Phil Hellmuth defeated Daniel Negreanu in the first High Stakes Duel II match, but he didn’t exactly dominate his friendly rival.
Those who watched the six-hour marathon match likely didn’t come away too surprised by the outcome, even though Negreanu was favored. Neither player showed off any crazy moves or played any differently than expected. Hellmuth made his usual questionable folds, limped buttons, and patiently sat on a small stack while he waited for the perfect opportunity to make a move. Negreanu, predictably, was more methodical in his approach.
Perhaps the only real surprise in the style of play from either player is that Negreanu was a tad bit less aggressive than expected. In one hand, the GGPoker ambassador folded to an all-in bet with just 3.5 big blinds remaining with middle pair, allowing Hellmuth to get away with a bluff that left Negreanu crippled. That was one of a few questionable laydowns he made. Otherwise, his style of play wasn’t too surprising compared to how he played against Doug Polk.
Never doubt ‘white magic’
Hellmuth holds a record 15 WSOP bracelets and has more than $24 million in live tournament cashes, including his 1989 world title. Still, he doesn’t get much respect from the younger generation of poker pros, especially for his heads-up play. But his results are far better than he’s given credit for, and “white magic” is underrated.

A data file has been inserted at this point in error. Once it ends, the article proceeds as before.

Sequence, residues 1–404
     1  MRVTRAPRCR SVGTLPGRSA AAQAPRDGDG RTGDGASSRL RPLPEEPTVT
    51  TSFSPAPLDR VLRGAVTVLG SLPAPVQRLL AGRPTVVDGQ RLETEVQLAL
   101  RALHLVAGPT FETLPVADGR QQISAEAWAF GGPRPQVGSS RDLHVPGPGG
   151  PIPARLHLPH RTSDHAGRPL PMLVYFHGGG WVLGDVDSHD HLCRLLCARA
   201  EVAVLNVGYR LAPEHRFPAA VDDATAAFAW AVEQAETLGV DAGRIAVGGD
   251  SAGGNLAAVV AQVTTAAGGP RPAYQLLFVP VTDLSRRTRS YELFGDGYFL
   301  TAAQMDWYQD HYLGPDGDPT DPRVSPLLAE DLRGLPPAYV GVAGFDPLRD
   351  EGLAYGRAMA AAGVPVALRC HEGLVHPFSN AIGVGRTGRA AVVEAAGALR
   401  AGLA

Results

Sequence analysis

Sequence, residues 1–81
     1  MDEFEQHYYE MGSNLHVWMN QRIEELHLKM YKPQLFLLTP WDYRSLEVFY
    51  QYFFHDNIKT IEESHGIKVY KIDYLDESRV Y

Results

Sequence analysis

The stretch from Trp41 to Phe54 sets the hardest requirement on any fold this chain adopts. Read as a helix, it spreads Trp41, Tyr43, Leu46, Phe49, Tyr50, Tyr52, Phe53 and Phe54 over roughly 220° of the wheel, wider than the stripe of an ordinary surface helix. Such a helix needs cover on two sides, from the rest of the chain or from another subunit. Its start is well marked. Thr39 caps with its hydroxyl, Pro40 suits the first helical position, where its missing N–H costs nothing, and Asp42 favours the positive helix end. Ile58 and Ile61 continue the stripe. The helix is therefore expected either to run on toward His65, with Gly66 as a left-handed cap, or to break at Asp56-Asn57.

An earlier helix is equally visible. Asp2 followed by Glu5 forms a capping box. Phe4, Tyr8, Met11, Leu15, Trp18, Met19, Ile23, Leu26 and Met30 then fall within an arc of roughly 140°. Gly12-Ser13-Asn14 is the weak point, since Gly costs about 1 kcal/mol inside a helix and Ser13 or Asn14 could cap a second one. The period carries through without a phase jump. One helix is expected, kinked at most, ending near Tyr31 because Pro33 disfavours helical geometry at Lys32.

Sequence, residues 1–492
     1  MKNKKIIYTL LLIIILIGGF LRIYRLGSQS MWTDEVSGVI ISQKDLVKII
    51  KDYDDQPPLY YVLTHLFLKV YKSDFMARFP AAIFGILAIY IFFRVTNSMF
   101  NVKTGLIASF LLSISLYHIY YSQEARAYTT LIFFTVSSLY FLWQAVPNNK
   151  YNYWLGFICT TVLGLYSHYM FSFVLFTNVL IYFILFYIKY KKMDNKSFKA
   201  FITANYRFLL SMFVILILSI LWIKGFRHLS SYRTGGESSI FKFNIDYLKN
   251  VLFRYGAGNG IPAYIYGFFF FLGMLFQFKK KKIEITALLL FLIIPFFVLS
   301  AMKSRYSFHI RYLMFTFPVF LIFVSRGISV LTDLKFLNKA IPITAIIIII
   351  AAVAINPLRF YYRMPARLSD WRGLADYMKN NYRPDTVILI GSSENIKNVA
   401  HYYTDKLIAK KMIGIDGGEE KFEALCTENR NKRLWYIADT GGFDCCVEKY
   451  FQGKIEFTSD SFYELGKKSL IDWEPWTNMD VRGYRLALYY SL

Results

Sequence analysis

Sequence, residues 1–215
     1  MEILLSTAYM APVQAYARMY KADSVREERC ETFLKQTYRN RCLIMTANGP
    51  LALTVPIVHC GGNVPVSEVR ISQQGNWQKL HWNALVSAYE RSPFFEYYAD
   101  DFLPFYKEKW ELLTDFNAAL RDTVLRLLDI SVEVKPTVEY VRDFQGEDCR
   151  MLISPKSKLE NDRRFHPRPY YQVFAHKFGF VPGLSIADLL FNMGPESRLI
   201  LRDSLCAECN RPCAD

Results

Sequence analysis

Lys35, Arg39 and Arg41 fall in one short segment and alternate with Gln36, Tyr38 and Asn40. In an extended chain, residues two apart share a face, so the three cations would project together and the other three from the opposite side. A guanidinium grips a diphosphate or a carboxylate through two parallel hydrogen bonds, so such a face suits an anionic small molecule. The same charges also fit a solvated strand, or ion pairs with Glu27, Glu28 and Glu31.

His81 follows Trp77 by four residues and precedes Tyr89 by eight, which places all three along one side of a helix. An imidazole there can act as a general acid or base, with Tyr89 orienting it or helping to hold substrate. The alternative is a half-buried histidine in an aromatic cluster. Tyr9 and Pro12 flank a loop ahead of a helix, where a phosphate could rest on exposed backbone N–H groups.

Hellmuth made his usual odd laydowns, and limping buttons in heads-up play is frowned upon by the GTO pros. But he showed against Negreanu exactly what’s made him so successful for more than 30 years. He’s difficult to stack because he absolutely refuses to just shove it all-in with a small stack, with any hand, and doesn’t panic when he’s sitting on a small stack.
Hellmuth was down to 3,000 chips from his 50,000-chip starting stack at one point. He battled back and absolutely refused to quit when it appeared he was down and out. Really, that comes as no surprise to anyone who’s followed the former world champ. He’s been doing this for years, but many poker pros still refuse to give him credit.
As for Negreanu, although it’s only one match and variance was certainly a factor, it appears he may not have as big of an edge against Hellmuth as he and many others seem to think. The GGPoker ambassador came into the match as a -136 favorite, per PokerShares. He very well may still win, but the talent gap between these players appears to be a bit closer than the odds indicate following the first match.